Tax Return Preparer A is an accountant who recently graduated from college with an accounting degree and has opened his own practice. A has not prepared individual income tax returns for compensation in the past and does not plan to focus his practice on individual income tax return preparation. A intends instead to focus his practice on providing specialized accounting services to certain health care service providers. A has no plans to, and does not, employ or engage any other tax return preparers. A estimates that he may be asked by some clients to prepare and file their individual income tax returns for compensation, but A expects that the number of people who do ask him to provide this service will be no more than seven in 2012. In fact, A actually prepares and files six paper Forms 1040 (U.S. Individual Income Tax Return) in 2012. Due to a growing client base, and based upon his experience in 2012, A expects that the number of individual income tax returns he will prepare and file in 2013 will at least double, estimating he will prepare and file 12 Form 1040 returns in 2013. A does not qualify as a specified tax return preparer for 2012 because A reasonably expects to file 10 or fewer returns (seven) in 2012. Consequently, A is not required to electronically file the individual income tax returns he prepares and files in 2012. A's expectation is reasonable based on his business projections, individual income tax return filing history, and staffing decisions. A is a specified tax return preparer in 2013, however, because based on those same factors A reasonably expects to file more than 10 individual income tax returns (12) during that calendar year. A, therefore, must electronically file all individual income tax returns that A prepares and files in 2013 that are not otherwise excluded from the electronic filing requirement.
Example 2.
Same facts as in Example 1, except three of Tax Return Preparer A's clients specifically chose to have A prepare their individual income tax returns in paper format in 2012 with the clients mailing their respective returns to the IRS. A expects that these three clients will similarly choose to have him prepare their returns in paper format in 2013, with the clients being responsible for mailing their returns to the IRS. A is not required to electronically file these three returns in 2013 because the taxpayers chose to file their returns in paper format. A obtained a hand-signed and dated statement from each of those taxpayers, indicating that they chose to file their returns in paper format. These three individual income tax returns are not counted in determining how many individual income tax returns A reasonably expects to file in 2013. Because the total number of individual income tax returns A reasonably expects to file in 2013 (nine) does not exceed 10, A is not a specified tax return preparer for calendar year 2013, and A is not required to electronically file any individual income tax return that he prepares and files in 2013.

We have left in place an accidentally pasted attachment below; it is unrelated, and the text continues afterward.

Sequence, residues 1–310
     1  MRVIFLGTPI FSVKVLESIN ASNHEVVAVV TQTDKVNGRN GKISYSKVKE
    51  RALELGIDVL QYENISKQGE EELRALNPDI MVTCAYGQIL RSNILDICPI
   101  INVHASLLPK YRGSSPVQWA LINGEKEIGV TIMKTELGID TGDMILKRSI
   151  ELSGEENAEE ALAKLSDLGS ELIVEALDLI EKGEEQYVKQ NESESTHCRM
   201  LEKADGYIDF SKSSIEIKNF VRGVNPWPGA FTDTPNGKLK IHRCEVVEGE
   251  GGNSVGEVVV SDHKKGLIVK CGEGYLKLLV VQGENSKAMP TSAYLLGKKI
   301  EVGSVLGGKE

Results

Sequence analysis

Example 3.
Tax Return Preparer B is a solo general practice attorney in a small county. Her practice includes the preparation of wills and assisting executors in administering estates. As part of her practice, B infrequently prepares and files Forms 1041 (U.S. Income Tax Return for Estates and Trusts) for executors. In the past three years, she prepared and filed an average of five Forms 1041 each year and never exceeded more than seven Forms 1041 in any year. Based on B's prior experience and her estimate for 2012, made prior to the time she first files an individual income tax return in 2012, she reasonably expects to prepare and file no more than five Forms 1041 in 2012. Due to the unforeseen deaths of several of her clients in late 2011, B actually prepares and files 12 Forms 1041 in 2012. B does not find out about these deaths until after she has already filed the first Form 1041 in 2012 for another client. B is not required to electronically file these returns in 2012. She does not qualify as a specified tax return preparer for calendar year 2012 because prior to the time she filed the first Form 1041 in 2012, she reasonably expected to file 10 or fewer individual income tax returns in 2012.